Samuel Barney and Della Green Cobb had a son also named Harvey Churchill Cobb who later purchased the farm. H. C. and his wife Sylvia Baker Cobb also acquired the adjacent farm to the east on January 25, 1937. That farm, in Clyde Township, was originally received by assignment from the US Government by a Thomas Wattson on October 2, 1854. Ever since Harvey and Sylvia bought that farm, it has been referred to by the family as the “other place.”
The home farm and the other place were purchased by James Russell and Corliss Jane Kerr from Sylvia Cobb on March 1, 1977. Corliss is the daughter of Harvey and Sylvia Cobb and taught school in the area for many years. J. Russell Kerr grew up on farms in the Joslin and Erie areas. The Kerrs had farmed the Cobb farms after Harvey retired from farming. The Kerrs also purchased a farm from Lowell Kelm in 1965. That farm lies about two miles east of the Cobb farms.
Harvey Cobb was always interested in practicing conservation methods of farming. Laying out contour lines for planting, establishing two terraces to control runoff, and installing tiling for drainage of low lying fields were accomplished while he farmed. A fiftieth anniversary newsletter of the Whiteside County Soil and Water Conservation District in July, 1994 talks about meetings that were held in 1944 that led to the establishment of the district. Charter members present at the first organizational meeting included E. J. Allison, H. C. Cobb, A. L. Goodenough, Russell G. Matthew, and Glen Wade.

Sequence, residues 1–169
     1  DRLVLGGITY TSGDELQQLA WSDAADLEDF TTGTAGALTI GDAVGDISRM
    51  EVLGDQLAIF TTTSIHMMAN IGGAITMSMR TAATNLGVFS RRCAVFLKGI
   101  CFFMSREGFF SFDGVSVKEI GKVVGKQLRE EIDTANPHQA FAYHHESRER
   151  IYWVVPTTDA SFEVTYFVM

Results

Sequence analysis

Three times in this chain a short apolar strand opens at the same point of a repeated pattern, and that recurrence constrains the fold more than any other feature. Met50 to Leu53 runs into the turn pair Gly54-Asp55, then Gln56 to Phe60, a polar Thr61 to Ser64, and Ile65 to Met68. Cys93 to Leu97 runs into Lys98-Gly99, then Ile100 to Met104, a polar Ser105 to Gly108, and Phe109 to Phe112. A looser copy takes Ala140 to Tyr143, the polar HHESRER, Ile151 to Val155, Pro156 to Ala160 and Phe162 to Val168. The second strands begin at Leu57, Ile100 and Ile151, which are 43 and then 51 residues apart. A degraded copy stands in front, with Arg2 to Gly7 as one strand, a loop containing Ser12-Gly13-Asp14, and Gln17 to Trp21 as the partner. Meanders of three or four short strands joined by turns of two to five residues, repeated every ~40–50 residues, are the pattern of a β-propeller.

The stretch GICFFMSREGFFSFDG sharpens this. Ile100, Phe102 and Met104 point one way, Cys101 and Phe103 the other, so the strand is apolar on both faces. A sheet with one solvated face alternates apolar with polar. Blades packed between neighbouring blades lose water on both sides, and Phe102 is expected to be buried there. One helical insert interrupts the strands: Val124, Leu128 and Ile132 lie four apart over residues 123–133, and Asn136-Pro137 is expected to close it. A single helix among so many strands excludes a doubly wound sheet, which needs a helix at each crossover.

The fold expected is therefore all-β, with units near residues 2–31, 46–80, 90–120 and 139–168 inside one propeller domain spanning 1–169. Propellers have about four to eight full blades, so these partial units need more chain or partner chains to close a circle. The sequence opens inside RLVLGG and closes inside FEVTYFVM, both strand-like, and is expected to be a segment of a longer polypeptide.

Sylvia Cobb, Harvey’s wife, was active in the rural community as part of the Spring Valley Presbyterian Church Willing Workers group, and as a charter member of the Whiteside County Home Bureau.
When Russell and Corliss Kerr took over farming following Harvey’s retirement, conservation practices were continued and expanded. With improvements in conservation tillage technology, Kerr utilized minimum tillage or no-till practices to enhance erosion control. At the Kelm farm (Russell & Corliss called it the Lazy K), sod waterways and contour lines were established. Kerr participated in programs such as Diverted Acres and more recently the Conservation Reserve Program on portions of the farms more prone to erosion when cropped. A portion of the CRP land at the Kelm farm has been planted to black walnut trees for future harvest. A timber management plan has been established for the natural timber on that farm and selective logging for timber improvement has occurred.